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Growth forecasts for the offshore wind market show accelerated growth over the next decade, with an accumulated capacity that will range between 154 and 193 gigawatts (GW) by 2030.
Long-term predictions suggest producing wind turbines with a capacity greater than 500 GW by 2050, according to a new report from the National Renewable Energy Laboratory (NREL).
In 2018, the development of offshore wind energy projects in the United States grew 1.4% with a potential generation capacity of 25,824 megawatts (MW).
Policy commitments at the state level accelerated, driving greater market interest in offshore wind development. The interest of offshore wind power grew in California with the approval of Senate Bill 100, the 100 percent Clean Energy Act of 2018.
The greatest interest of the US market UU. stimulated strong competition in offshore wind lease auctions. Higher offshore wind lease sales prices indicate: greater confidence in future market growth driven by state policies; trust in regulatory and financial institutions to support the development of offshore wind energy projects in the emerging US market; Continuous cost reductions and increased demand for offshore wind power in the northeastern United States.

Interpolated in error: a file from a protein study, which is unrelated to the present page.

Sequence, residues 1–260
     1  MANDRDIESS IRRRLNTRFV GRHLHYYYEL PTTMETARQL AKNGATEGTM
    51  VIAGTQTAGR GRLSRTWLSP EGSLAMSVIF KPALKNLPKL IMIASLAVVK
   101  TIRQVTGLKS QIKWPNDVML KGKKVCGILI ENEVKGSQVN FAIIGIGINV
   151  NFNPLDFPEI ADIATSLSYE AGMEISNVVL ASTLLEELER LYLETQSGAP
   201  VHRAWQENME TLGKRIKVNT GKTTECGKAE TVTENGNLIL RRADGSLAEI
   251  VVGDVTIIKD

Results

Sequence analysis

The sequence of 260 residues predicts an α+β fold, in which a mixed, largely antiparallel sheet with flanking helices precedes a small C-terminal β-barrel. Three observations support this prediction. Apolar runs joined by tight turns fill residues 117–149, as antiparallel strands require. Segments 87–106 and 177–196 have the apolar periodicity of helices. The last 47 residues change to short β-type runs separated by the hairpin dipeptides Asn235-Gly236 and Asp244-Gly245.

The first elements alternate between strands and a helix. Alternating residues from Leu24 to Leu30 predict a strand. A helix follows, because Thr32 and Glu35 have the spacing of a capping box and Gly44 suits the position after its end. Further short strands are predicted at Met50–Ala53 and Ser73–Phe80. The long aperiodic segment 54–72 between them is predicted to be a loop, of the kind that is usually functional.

Industry forecasts suggest that the US offshore wind capacity UU. It could grow from 11 to 16 GW by 2030.
At the end of 2018, the accumulated global installed capacity of offshore wind power grew to 22,592 MW with 176 operational projects. As of December 31, the development capacity of offshore wind power was approximately 272,000 MW.
In 2018, new commitments were added in Massachusetts (an additional 1,600 MW authorized by 2035), New York (6,600 MW added by 2035) and New Jersey (2,400 MW added by 2030), while Connecticut and Rhode Island agreed to purchase energy from the Revolution project 600 MW of Orsted.
The pilot projects of floating marine wind energy are advancing, with a global power for floating offshore wind energy that reached 3,100 MW in 2018, with 29 projects announced and 44 MW of operational projects.
The global power for floating offshore wind energy reached 3,100 MW in 2018, with 38 projects announced and 44 MW of operational projects.
Written by NREL researchers Walter Musial, Philipp Beiter, Jake Nunemaker, Vahan Gevorgian and Paul Spitsen of the Department of Energy, the report provides detailed information on the national offshore wind industry and its technical and market barriers.